• Training data needs to be mathematically characterized, to create a statistical picture or characterization of the data used in training that can be compared against incoming data after deployment. This same characterization must be performed against incoming data and, as such, must be coded, tested, and deployed along with the ML service. This way one can detect data skew, a situation in which the data used in service differs from the data used in training.
  • If the incoming ML service data needs to be transformed/cleaned before model inferencing can take place, that data transformation process needs to be designed, coded, tested, and deployed along with the ML service into some sort of mini-data pipeline to be used as a prelude to ML service requests once in operation
  • ML service logging is more involved than typical service deployments. You need to log all incoming data, all predictions made for that data, as well as all service performance metrics. All this logging information needs to be permanently saved. This logging activity must be coded, tested, and deployed along with the ML service.
  • ML services still need to be monitored for model skew but also for model drift, a situation in which the model prediction power is altered due to environmental changes. Both of these can be automated in some cases, and any such automatic monitoring will need to be coded, tested, and deployed along with the ML service.

Continuous Deployment for MLOps

ML service unit testing is more complex. ML services need to be tested to see if they can meet whatever service-level agreements (SLAs) are required for the service, such as prediction latency, throughput, dependability, etc. Moreover, the mini-data pipeline, if any, and the logging and the monitoring automation must also be tested and validated for performance requirements.

At this point, you can deploy your ML service in an AB fashion to see if it works better than what you have running already. Once you are confident that it works well enough, it can be automatically deployed.

However, model drift detection can be difficult to automate in many cases. Sometimes you will need to resort to a semi-manual process, where you extract some incoming data, tag it (manually or semi-manually), and check it to determine whether or not the ML service classification is equivalent to your manual tag for the data. With enough of these comparisons, you should be able to calculate ML service in operation loss/accuracy statistics to compare against ML model metrics for model drift. You can also use this manually tagged data to be included in the next training data set.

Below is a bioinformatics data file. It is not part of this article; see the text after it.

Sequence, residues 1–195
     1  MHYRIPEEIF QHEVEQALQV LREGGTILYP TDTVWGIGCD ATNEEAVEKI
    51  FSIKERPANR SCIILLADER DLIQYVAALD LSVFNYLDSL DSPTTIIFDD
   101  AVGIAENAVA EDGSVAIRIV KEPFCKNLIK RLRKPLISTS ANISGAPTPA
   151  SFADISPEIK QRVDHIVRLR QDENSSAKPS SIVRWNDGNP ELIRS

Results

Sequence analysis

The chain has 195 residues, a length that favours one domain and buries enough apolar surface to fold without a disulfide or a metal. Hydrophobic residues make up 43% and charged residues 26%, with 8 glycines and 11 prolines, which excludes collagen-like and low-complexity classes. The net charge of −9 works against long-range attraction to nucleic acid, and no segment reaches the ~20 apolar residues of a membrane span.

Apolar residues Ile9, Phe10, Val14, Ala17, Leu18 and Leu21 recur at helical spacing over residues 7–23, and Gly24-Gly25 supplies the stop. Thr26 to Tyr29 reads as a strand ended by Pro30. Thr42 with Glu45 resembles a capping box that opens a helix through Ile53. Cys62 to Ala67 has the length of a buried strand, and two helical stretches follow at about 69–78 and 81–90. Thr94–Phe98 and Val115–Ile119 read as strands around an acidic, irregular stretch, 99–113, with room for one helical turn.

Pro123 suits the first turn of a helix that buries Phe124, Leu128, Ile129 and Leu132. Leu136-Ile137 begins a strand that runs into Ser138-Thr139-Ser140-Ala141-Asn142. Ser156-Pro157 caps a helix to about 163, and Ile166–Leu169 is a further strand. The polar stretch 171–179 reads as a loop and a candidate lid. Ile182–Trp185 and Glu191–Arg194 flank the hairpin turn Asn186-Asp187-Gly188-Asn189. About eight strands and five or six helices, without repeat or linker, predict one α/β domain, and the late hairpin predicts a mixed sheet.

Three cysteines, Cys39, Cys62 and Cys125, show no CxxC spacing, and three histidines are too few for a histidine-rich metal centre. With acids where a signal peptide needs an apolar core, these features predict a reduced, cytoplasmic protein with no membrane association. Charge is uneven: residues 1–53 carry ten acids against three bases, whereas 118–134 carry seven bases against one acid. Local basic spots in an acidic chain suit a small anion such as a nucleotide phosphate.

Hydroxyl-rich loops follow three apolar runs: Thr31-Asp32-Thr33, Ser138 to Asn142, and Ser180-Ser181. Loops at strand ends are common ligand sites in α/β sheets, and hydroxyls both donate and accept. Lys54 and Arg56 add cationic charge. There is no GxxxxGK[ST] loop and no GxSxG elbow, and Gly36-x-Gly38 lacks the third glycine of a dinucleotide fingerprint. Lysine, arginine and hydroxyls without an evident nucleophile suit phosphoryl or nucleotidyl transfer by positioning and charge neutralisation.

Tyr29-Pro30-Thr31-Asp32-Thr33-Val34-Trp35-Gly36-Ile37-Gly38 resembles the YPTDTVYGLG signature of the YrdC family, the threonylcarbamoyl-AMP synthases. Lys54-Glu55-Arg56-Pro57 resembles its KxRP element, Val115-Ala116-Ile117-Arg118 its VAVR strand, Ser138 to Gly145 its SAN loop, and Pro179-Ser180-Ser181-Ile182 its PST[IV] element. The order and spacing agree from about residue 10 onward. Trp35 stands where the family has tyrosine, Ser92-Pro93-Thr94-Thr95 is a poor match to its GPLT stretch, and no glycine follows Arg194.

Model drift can occur due to data skew, but it could just as easily be due to some real-world shift in what’s happening, e.g., fashions change over time, new vocabulary enters mainstream use, new parts may differ from old parts, etc.

Continuous Training in MLOps

Whenever you detect significant data skew or model drift, it’s time to retrain. Essentially, this involves going through the whole data pipeline-ML model training pass, which some organizations call continuous training (CT), followed by another iteration of CI/CD for your next ML model version.

CT can be triggered anytime you detect data skew in incoming data, when you detect model drift, when customer satisfaction starts dropping, or on a periodic basis as a proactive measure.

In addition, new ML technology is coming out all the time. Taking advantage of the latest ML technology can often lead to substantial improvements in ML model and service loss/accuracy statistics.

Some organizations automate the CT process, essentially triggering CT on a periodic basis, or when model drift/data skew/customer experience change is detected, as mentioned above, but retraining depends upon properly tagged data, and being able to automatically tag data can be difficult. Nevertheless, if -sampling and tagging incoming data is done (manually) anyway, then new tagged data is always available for retraining when it’s needed.

Welcome to MLOps.